Central Maine Power says about 5,200 customers were without electricity late on Saturday night and almost all of them will have power back by Sunday evening. The number of outages is down from a high of more than 200,000 customers between two utilities.
PG&E officials, even as they repeatedly apologized for their shortcomings in execution, defended their decision to cut power to more than 700,000 customer accounts in advance of dangerous winds that could have sparked wildfires.
In a pointed letter to PG&E chief executive Bill Johnson issued earlier this week, commission President Marybel Batjer scolded the utility for an "unacceptable situation" and ordered a series of corrective actions, including a goal of restoring power within 12 hours, not the utility's current 48-hour goal.
Utilities are securing additional crews. Heavy rain and strong winds were expected from Wednesday night into Thursday.
Idaho Power has 560,000 customers in Idaho and eastern Oregon, with increasing numbers of homeowners generating power and being credited for extra power sold back to the utility.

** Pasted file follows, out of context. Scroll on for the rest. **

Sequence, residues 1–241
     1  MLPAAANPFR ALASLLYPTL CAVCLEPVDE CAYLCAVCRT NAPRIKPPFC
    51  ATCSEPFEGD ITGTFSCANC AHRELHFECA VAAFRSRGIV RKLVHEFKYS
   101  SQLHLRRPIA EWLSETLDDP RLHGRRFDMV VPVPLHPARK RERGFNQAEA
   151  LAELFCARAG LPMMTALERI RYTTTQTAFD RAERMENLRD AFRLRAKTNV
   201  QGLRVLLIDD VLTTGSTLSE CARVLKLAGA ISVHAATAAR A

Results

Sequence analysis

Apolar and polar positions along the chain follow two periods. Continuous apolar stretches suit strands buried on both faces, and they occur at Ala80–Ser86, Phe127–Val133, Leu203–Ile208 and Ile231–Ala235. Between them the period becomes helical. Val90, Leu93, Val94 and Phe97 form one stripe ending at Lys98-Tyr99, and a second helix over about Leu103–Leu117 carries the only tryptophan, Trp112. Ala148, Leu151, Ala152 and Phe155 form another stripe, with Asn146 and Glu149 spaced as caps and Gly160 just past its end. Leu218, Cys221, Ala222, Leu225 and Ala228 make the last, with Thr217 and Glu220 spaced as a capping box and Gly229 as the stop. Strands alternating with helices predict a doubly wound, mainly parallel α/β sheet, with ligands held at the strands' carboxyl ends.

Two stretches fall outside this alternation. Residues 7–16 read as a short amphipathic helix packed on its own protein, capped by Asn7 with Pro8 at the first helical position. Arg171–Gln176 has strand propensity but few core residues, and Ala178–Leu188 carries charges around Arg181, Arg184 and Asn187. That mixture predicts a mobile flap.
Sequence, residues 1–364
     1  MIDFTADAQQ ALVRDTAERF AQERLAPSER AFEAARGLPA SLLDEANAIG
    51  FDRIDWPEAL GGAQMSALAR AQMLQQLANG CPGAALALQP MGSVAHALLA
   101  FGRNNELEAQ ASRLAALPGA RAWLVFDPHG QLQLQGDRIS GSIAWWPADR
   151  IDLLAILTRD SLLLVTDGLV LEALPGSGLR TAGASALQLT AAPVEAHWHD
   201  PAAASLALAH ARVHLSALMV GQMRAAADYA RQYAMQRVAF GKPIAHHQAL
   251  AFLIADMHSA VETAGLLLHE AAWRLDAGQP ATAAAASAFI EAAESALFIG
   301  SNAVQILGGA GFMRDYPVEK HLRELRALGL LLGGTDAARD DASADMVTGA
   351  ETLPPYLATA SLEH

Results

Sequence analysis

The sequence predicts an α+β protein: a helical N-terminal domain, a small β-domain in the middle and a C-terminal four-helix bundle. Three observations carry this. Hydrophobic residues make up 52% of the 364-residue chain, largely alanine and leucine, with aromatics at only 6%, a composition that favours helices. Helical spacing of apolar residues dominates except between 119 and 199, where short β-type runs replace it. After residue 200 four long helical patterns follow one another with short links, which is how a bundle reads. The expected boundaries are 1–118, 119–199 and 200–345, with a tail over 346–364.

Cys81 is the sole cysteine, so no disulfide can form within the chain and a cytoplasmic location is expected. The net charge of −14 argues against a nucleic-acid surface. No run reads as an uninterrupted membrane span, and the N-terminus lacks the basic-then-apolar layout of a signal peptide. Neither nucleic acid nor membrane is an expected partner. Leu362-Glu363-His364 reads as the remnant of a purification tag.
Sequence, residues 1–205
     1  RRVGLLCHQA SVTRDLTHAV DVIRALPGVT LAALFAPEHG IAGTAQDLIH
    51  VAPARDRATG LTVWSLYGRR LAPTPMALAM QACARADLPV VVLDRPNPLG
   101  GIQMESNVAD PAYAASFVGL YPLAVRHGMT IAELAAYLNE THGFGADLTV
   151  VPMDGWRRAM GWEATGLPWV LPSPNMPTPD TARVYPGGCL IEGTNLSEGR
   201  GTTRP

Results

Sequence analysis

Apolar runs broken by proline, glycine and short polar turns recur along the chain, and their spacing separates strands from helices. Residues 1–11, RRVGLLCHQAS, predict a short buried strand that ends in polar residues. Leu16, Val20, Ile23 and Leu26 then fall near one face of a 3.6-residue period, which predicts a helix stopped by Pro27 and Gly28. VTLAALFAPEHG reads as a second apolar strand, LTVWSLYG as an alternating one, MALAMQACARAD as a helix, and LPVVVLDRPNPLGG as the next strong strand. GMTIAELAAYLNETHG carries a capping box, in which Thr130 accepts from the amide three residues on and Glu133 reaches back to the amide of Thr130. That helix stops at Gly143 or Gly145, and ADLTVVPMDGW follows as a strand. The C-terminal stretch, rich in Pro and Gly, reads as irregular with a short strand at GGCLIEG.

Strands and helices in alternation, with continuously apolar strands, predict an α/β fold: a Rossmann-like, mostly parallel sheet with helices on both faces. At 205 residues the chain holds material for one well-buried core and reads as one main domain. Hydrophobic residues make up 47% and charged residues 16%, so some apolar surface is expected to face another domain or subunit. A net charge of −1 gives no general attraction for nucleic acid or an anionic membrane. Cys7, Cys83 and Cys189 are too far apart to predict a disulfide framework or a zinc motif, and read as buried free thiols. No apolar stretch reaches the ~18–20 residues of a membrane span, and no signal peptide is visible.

The fire that started Thursday night burned nearly 8, 400 acres, destroyed 17 structures and damaged dozens more. One man died of a heart attack during the fire in the Porter Ranch neighborhood, officials said.
Experts say it's hard to know what might have happened had the power stayed on, or if the utility's proactive shutoffs are to thank for California's mild fire season this year.
Areas without power includes Plumas, Yuba and Butte counties, where people are on their third day without electricity. Butte County is where a fire started by PG&E equipment last year decimated the town of Paradise and killed 85 people.
The unpopular move by Pacific Gas and Electric that disrupted daily life was prompted by weather forecasts creating extreme wildfire danger and came after catastrophic fires sent the utility into bankruptcy and forced it to take more aggressive steps to prevent blazes. The city of San Francisco itself is not in the power cutoff zone.
The utility says power could be shut off in part of nearly 30 counties in central and Northern California starting Wednesday and through Thursday, when hot weather and strong winds are forecast.